Henchman sentence example

henchman
  • There's a villain, and a villain's henchman.

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  • Such men were Egil, the foe of Eirik Bloodaxe and the friend of lEthelstan; Kormak, the hot-headed champion; Eyvind, King Haakon's poet, called Skaldaspillir, because he copied in his dirge over that king the older and finer Eiriksmal; Gunnlaug, who sang at Æthelred's court, and fell at the hands of a brother bard, Hrafn; Hallfred, Olaf Tryggvason's poet, who lies in Iona by the side of Macbeth; Sighvat, Saint Olaf's henchman, most prolific of all his comrades; Thormod, Coalbrow's poet, who died singing after Sticklestad battle; Ref, Ottar the Black, Arnor the earls' poet, and, of those whose poetry was almost confined to Iceland, Gretti, Biorn the Hitdale champion, and the two model Icelandic masters, Einar Skulason and Markus the Lawman, both of the 12th century.

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  • When Max causes the death of one gang-leader's henchman, the gang responses by killing Max's partner, leading Max to quit the force to protect his wife and son.

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  • In 1873 Bismarck, who was in thorough sympathy with his views, persuaded him to enter the service of Prussia as secretary of state for foreign affairs, and from this time till his death he was the chancellor's most faithful henchman.

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  • Henchman Shredder chippers are heavy duty garden chippers and shredders in one - for household and professional use.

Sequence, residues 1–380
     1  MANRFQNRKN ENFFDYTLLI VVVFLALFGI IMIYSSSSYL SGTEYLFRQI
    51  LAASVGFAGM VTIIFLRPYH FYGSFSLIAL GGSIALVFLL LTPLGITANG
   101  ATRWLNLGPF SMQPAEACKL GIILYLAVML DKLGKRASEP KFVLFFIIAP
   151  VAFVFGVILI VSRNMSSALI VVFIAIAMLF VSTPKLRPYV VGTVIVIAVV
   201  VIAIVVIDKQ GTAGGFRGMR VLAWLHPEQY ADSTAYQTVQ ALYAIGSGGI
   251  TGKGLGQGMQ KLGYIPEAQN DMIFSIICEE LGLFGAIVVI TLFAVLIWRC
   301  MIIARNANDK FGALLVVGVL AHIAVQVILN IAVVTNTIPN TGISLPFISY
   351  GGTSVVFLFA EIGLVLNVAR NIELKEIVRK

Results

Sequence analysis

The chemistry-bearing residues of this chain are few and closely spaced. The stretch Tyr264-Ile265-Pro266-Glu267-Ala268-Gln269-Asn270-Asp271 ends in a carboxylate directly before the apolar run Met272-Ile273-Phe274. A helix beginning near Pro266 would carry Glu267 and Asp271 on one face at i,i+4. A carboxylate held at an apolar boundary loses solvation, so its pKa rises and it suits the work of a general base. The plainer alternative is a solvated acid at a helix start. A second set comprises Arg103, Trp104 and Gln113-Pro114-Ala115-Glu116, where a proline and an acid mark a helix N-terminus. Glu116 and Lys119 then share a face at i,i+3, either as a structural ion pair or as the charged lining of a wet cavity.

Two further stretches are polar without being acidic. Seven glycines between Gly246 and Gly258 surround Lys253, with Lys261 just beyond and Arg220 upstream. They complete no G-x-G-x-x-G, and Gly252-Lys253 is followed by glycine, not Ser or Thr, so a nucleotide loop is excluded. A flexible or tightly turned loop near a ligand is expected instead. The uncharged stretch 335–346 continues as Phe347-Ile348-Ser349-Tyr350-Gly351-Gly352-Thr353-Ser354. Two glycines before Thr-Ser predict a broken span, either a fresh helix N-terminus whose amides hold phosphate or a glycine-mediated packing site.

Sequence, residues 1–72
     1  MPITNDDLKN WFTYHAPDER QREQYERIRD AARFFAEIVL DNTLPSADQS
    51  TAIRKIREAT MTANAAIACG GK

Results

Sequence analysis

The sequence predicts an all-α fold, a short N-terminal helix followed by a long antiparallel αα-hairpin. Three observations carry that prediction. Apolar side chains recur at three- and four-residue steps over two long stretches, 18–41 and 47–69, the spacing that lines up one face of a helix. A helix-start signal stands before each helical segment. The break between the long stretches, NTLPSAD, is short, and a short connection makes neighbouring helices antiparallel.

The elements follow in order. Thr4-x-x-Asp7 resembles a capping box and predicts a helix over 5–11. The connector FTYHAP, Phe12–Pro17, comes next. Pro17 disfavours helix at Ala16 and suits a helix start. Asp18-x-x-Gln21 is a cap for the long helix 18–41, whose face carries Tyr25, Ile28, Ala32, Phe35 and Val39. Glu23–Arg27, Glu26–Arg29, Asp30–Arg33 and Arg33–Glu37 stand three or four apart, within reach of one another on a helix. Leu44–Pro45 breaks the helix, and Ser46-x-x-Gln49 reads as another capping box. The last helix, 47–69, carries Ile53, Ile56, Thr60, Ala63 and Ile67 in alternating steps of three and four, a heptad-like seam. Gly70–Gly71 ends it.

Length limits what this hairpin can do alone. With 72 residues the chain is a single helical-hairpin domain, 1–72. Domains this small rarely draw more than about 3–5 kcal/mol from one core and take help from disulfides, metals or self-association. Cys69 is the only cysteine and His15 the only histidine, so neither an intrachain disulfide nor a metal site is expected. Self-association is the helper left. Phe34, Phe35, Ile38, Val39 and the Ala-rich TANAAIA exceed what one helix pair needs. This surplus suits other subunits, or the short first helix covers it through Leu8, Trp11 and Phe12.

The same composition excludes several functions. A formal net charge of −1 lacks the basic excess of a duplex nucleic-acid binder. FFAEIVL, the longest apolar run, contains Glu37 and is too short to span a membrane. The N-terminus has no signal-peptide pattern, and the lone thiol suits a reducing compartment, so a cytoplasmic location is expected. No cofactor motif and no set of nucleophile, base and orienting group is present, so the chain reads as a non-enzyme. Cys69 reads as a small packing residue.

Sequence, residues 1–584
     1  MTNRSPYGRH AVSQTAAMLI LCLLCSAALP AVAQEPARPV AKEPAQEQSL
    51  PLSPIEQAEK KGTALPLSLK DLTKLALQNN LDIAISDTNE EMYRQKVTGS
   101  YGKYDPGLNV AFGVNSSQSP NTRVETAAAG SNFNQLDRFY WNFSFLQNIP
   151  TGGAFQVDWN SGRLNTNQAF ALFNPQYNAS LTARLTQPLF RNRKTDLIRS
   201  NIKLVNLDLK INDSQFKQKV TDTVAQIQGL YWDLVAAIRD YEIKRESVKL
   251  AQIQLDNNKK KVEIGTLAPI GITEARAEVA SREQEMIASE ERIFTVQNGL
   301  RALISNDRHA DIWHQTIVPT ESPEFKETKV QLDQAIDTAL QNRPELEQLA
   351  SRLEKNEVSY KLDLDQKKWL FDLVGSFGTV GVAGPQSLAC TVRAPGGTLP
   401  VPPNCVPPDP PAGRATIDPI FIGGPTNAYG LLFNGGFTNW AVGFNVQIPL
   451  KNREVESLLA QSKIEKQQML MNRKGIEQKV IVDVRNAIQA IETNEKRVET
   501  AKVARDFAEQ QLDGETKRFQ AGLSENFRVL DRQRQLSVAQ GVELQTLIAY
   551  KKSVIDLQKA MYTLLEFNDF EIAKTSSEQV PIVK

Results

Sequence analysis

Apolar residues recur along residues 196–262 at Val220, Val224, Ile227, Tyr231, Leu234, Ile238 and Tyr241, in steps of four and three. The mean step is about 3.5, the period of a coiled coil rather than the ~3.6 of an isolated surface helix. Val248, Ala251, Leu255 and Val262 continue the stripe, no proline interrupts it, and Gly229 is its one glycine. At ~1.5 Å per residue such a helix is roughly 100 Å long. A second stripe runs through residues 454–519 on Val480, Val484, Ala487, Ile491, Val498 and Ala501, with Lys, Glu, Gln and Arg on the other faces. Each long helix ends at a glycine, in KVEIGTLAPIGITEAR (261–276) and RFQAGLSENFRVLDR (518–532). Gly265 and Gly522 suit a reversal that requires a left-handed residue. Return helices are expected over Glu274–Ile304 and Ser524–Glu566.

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  • General Sarov and his wonderfully grotesque henchman, Conrad, are the baddies in this globetrotting adventure packed with excitement.

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  • You start off with your own volcanic island of undisclosed location and an evil henchman and you have to take over the world.

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  • Ed Lauter is also good as the Warden's chief henchman Captain Knauer, bringing a real menace to the guards.

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  • The bad guy usually kills his henchman for failing, yet don't seem to run out of loyal henchmen.

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  • Once committed to the Russian alliance, however, he became the faithful henchman of the emperor Alexander, whose fascinating personality exercised over him to the last a singular power, and began that influence of Russia at the court of Berlin which was to last till Frederick William IV.'s supposed Liberalism was to shatter the cordiality of the entente.

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  • Such men were Egil, the foe of Eirik Bloodaxe and the friend of lEthelstan; Kormak, the hot-headed champion; Eyvind, King Haakon's poet, called Skaldaspillir, because he copied in his dirge over that king the older and finer Eiriksmal; Gunnlaug, who sang at Æthelred's court, and fell at the hands of a brother bard, Hrafn; Hallfred, Olaf Tryggvason's poet, who lies in Iona by the side of Macbeth; Sighvat, Saint Olaf's henchman, most prolific of all his comrades; Thormod, Coalbrow's poet, who died singing after Sticklestad battle; Ref, Ottar the Black, Arnor the earls' poet, and, of those whose poetry was almost confined to Iceland, Gretti, Biorn the Hitdale champion, and the two model Icelandic masters, Einar Skulason and Markus the Lawman, both of the 12th century.